Difference Between Accounting and Auditing

By: | Updated: Mar-24, 2022
The contents of the Difference.guru website, such as text, graphics, images, and other material contained on this site (“Content”) are for informational purposes only. The Content is not intended to be a substitute for professional medical or legal advice. Always seek the advice of your doctor with any questions you may have regarding your medical condition. Never disregard professional advice or delay in seeking it because of something you have read on this website!

Accounting and auditing are two different activities involving various tasks and duties. Whether you are a business owner or a student that can’t decide what course to choose, this article will come in handy. It sheds light on accounting and auditing, their definitions, critical differences, and some similarities.

Difference Between Accounting and Auditing

Auditing: Definition

Auditing is a regularly executed analysis of a business’s financial records to ensure transparency and accuracy. Informally, auditors are a monetary committee that examines accountants’ work. That is, only after accountants complete their work can auditors proceed to review it.

In reality, though, it’s more complicated than just an examination. First, auditors perform three widely known types of audits:

  • Internal Revenue Service (IRS) audits
  • External audits done by third parties
  • Internal audits exercised by competent people in the organization

Moreover, auditors’ work entails:

Difference between a Bobcat and a M... x
Difference between a Bobcat and a Mountain Lion
  • Accounting system effectiveness
  • Budgeting and strategic planning precision
  • Statutory compliance
  • Fraud detection and avoidance

Accounting: Definition

While auditors work with organized data and records, accountants deal with raw records, cash flow, liabilities, and assets. Accounting is an activity responsible for checking financial data, counseling on financial matters (including fiscal aspects), building various financial plans, strategies, and models, and completing transactions according to the regulations, laws, and rules. Among other things, accountants usually:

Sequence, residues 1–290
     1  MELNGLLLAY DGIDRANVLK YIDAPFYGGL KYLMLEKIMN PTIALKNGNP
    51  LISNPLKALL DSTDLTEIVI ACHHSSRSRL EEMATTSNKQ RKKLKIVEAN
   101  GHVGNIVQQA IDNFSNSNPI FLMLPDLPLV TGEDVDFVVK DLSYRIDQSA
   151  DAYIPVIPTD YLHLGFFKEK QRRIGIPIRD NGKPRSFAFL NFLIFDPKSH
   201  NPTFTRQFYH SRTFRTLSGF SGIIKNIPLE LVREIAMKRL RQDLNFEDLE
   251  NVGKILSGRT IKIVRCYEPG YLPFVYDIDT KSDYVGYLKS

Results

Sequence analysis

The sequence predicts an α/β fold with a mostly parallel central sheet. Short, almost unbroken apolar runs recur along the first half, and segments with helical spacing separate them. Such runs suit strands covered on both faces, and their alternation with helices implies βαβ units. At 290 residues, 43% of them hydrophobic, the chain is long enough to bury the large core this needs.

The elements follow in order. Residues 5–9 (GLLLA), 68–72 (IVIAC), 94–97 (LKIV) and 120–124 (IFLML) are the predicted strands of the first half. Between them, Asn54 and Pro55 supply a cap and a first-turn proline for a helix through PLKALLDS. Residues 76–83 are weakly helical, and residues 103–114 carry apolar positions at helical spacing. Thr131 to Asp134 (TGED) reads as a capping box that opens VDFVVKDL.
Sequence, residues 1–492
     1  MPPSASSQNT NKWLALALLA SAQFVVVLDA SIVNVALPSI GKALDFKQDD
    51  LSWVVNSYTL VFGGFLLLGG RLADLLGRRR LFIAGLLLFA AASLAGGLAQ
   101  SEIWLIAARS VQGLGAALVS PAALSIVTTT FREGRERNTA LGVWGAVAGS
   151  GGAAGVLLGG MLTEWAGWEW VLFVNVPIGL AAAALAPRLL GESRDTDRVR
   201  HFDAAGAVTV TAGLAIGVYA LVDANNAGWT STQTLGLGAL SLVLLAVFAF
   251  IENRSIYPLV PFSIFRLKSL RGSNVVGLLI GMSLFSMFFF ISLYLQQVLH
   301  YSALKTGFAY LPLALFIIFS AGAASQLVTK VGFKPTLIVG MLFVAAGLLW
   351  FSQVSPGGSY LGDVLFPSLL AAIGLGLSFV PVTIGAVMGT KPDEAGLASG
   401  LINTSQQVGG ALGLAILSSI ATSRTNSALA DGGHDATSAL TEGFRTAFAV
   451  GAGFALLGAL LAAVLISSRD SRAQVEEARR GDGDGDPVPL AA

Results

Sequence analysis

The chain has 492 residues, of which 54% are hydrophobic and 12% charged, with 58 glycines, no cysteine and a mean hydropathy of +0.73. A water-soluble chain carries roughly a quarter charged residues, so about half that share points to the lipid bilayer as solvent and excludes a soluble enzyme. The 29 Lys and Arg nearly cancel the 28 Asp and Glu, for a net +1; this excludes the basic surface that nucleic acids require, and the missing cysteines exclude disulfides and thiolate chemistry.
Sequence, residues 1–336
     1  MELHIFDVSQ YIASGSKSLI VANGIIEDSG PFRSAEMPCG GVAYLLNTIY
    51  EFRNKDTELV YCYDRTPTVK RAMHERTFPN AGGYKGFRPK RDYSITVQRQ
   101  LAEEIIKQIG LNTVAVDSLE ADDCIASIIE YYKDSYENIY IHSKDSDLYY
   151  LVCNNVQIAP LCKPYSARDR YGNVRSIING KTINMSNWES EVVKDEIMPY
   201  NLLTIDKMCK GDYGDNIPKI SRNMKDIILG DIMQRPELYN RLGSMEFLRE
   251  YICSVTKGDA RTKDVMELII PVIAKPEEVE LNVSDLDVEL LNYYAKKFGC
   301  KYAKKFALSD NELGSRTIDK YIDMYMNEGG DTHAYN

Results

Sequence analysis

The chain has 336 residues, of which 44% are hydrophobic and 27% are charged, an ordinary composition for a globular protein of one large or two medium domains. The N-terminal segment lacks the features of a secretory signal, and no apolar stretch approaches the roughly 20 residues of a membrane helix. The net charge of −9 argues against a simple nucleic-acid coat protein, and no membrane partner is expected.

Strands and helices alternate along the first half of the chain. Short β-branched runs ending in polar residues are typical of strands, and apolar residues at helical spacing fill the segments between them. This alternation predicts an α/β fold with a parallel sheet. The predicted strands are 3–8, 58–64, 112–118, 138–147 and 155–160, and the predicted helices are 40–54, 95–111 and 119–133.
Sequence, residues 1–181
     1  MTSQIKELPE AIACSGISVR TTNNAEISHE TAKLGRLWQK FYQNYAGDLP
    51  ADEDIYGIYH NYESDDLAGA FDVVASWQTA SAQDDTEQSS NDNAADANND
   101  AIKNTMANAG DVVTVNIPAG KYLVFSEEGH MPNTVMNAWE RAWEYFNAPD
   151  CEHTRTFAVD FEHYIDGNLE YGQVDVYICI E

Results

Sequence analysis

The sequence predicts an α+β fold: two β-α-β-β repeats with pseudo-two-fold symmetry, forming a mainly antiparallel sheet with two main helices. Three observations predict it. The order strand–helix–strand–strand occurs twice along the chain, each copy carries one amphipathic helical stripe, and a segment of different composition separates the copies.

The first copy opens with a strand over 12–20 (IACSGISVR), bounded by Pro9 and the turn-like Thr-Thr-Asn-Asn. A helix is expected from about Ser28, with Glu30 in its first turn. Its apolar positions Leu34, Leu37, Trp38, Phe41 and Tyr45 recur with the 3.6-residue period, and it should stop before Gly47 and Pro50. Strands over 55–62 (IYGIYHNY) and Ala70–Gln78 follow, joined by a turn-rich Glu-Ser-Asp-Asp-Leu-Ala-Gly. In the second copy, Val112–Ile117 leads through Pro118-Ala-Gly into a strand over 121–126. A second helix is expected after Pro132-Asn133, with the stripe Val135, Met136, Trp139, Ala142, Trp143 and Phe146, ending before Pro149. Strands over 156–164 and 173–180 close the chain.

• File tax reports and returns
  • Analyze expenditures
  • Compose financial statements
  • Build money-saving plans
  • Give advice for financial institutions or company departments
  • Follow tax laws and rules

Other than that, accountants are often snowed under with the paperwork, including:

  • Profit and loss statements
  • Profit margins
  • Monthly, quarterly, and annual costs of doing business/saving resources
  • Brand’s growth over time
  • Employee count
  • Market share of the corporation

Main differences between Auditing and Accounting

As can be seen from the definitions, auditing and accounting are two different practices with one primary goal – to ensure the company’s books are transparent and credible. Below are a few central elements that make auditing and accounting different. Read on to learn more.

         Education

Although both practices require getting a Bachelor’s degree, the number of courses students have to attend differs. Classes will be different depending on the path students choose. Some lectures will be relatively simple, while others will prove difficult. If that’s the case, you can easily reach expert services and get auditing or accounting assignment help quickly and efficiently.

         Job prospects

While both careers are promising, success depends on a person’s passion and diligence. An accountant can work for a private company or government institution, and so can an auditor. But let’s not forget that their duties involve performing different tasks.

         Starting salary

The salary of an accountant and auditor hinges upon numerous factors. First, your education, experience, and location are pivotal in your paycheck. According to top firms, an auditor or accountant earns from $50,000 to $90,000 annually.